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bruce sanderson decanted

Rheingau Days

Photo by: David Yellen

Posted: Apr 28, 2008 11:21am ET

I’m in Germany, the Rheingau, to be exact.

I’m supposedly on vacation, but the real reason I'm here is an invitation to a wonderful tasting of older Rheingau wines from every decade of the 20th century. It’s also an excuse to visit some German friends living near Frankfurt that I have not seen in several years.

And I don’t mind a brief escape from New York, which seems to be suffocating under scaffolding these days.

The weekend kicked off with a tasting of wines from Rheingau’s Hessische Staatsweinguter Kloster Eberbach, which has one of the largest collections of older German Riesling and Spätburgunder (Pinot Noir) in the country.

The tasting took place at Restaurant Zum Krug (www.hotel-zum-krug.de) in Hattenheim, itself the source of the best list of Rheingau wines in the region. Owner Josef Laufer and his staff organized an excellent meal around the 16 Rieslings and Spätburgunders chosen by the Staatsweinguter’s managing director, Dieter Greiner. All the bottles had been opened seven hours earlier, at 1:00 p.m., but not decanted.

We began with a blind offering. It was clearly an older Riesling. I was thinking 1975 from the nose, but it was dry and that threw me off a little. It turned out to be from 1945—the Riesling Steinberger Kabinett Naturrein (all the wines pre-1971 were labeled Naturrein, referring to no chaptalization, the equivalent of a Qualitätswein mit Prädikat today). It had been picked at 94˚ oechsle, or spätlese ripeness.

A second bottle was even fresher and more complex than the first. The bouquet was reminiscent of a pine forest, with spearmint, butter pastry and a hint of furniture polish. It was very lively with mouthwatering acidity, moderate length and a mineral aftertaste (90 points, non-blind). It had been recorked, a practice the winery does with all its wines between 30 and 40 years of age.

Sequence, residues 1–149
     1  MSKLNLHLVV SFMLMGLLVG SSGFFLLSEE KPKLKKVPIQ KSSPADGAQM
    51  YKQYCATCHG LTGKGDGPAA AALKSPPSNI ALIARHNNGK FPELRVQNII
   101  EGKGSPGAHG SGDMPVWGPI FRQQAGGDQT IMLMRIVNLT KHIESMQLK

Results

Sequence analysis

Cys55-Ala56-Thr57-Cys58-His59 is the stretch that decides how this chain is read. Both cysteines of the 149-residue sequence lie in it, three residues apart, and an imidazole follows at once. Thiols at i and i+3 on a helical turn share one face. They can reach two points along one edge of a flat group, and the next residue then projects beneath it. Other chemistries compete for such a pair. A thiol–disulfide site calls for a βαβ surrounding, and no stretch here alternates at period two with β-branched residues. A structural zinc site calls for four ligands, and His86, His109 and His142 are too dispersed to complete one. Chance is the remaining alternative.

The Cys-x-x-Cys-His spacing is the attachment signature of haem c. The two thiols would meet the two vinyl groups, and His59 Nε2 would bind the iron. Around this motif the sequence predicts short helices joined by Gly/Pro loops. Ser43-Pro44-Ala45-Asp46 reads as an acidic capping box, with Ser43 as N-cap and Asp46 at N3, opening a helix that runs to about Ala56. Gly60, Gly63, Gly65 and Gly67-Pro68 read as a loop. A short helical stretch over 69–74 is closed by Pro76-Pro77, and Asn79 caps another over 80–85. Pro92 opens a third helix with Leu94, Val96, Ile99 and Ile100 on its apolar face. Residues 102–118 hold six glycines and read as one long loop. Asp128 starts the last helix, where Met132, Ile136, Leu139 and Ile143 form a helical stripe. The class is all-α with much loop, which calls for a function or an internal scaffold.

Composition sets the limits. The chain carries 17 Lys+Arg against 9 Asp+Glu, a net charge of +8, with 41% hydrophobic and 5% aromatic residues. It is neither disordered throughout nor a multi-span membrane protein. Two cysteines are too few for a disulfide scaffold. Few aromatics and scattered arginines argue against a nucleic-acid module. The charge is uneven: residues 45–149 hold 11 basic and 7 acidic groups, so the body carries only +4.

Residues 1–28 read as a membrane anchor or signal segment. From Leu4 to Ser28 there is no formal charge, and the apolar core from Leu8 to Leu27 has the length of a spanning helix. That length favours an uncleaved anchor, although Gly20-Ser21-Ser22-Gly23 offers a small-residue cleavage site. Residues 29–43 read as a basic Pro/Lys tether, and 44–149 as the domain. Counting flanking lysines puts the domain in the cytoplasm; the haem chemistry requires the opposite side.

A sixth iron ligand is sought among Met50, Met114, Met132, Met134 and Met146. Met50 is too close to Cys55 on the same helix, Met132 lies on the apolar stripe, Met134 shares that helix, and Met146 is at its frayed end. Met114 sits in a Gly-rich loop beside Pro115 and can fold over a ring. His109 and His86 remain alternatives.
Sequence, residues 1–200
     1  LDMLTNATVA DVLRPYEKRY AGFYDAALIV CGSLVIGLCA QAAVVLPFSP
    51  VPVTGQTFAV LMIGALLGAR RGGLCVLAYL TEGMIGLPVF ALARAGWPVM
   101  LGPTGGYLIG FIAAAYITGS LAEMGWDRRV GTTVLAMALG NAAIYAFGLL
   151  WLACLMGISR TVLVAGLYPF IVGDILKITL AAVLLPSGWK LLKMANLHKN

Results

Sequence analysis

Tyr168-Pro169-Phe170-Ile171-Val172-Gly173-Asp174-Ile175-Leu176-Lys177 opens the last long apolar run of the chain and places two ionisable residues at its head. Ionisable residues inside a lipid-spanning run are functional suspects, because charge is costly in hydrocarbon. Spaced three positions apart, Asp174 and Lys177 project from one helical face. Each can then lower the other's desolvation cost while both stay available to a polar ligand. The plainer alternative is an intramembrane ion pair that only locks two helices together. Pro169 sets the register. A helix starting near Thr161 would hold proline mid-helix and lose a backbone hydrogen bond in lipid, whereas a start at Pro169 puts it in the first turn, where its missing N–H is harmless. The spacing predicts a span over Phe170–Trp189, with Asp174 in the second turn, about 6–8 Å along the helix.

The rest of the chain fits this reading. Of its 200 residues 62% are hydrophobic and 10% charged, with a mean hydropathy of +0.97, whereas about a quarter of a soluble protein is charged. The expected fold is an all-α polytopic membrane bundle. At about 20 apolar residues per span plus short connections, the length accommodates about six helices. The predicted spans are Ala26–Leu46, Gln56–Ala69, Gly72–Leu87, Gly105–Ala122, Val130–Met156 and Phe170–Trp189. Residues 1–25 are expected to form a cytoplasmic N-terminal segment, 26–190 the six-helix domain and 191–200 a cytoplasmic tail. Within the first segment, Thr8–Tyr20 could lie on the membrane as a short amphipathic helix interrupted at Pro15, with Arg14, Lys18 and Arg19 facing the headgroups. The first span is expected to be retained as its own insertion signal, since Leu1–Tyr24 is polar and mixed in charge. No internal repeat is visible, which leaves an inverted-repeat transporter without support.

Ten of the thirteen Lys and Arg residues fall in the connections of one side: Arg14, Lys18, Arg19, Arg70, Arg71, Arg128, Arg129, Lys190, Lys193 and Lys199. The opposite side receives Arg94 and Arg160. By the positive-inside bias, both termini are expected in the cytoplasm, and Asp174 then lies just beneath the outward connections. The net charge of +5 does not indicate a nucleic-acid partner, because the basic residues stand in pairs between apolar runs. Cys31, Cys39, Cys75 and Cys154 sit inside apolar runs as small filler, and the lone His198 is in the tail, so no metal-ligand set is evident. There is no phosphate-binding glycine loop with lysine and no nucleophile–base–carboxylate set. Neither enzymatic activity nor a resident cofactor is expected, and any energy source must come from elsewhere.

“When the climate was colder, our fathers knew how to make wine at 85˚ oechsle that aged a long time,” said Greiner.

Dinner proper was ushered in with a trio of Spätburgunders: 1943, 1953 and 2004. The ’53 Spätburgunder Kabinett Assmannshausen Höllenberg, from a very ripe vintage, exhibited a sweet, minty bouquet. It was rich and sumptuous, with balancing acidity, notes of caramel and honey and a long, rich finish (89 points,non-blind). It turned slightly vegetal with air.

The Spätburgunder Kabinett Assmannshausen Höllenberg 1943 was browning in color and started out with an earthy, musky bouquet. It continued in a woodsy theme, with vestiges of dried berry, a lively structure and a dried cherry finish (87). The Spätburgunder Spätlese Trocken Assmannshausen Höllenberg 2004 offered fresh berry and cherry aromas and flavors on a vibrant, elegant frame and fine length (88 points, non-blind).

The 1953 was overpowering for the duet of pigeon, itself moist and slightly gamy, served with a red pepper cous cous and a saffron mousseline.

The next course consisted of warm lobster in a curry sauce accompanied by three dry Rieslings: 1920, 1938 and 2006, all from what is now called Berg Schlossberg in Rüdesheim.

The pale amber color with a touch of green on the Kabinett Berg Zollhaus 1920 was a bit disconcerting, but the wine was, after all, close to 90 years old! A musty cellar and antique shop bouquet gave way to a hint of caramel. It was dry and sharp, with good weight and a lemon note, a big difference between the aromas and flavors. It reminded me of the dichotomy between the nose and palate of the 1996s. Though it improved with aeration, it remained tired, musty and sherrylike (79 points, non-blind).

The Riesling Kabinett Dickerstein 1938 had roughly half the acidity of the 1920, according to Greiner. It was a deep golden color, featuring a clean, elegant bouquet of lemon candy and pine forest, followed by the barest hint of sweetness on the palate. Firm and delicate, with a long, smoke- and mineral-tinged finish, it was a remarkable dry Riesling (92 points, non-blind).

Its contemporary, the Riesling Berg Schlossberg Erstes Gewachs 2006, packed a range of smoke, flint and stone elements into its elegant frame. Ripe and complex, it displayed great balance and length (92 points, non-blind).

The ’38 and ’06 paired beautifully with warm lobster and tempura battered cockscomb on a bed of lemon parmesan risotto.

The next course proved to be more challenging. Three beerenauslese were matched to stuffed oxtail and foie gras. The bridging component between the dish and the wines was a base of grilled pineapple for sweetness. It never quite worked with the wines as a whole, though the pineapple flattered the wines more than the meat.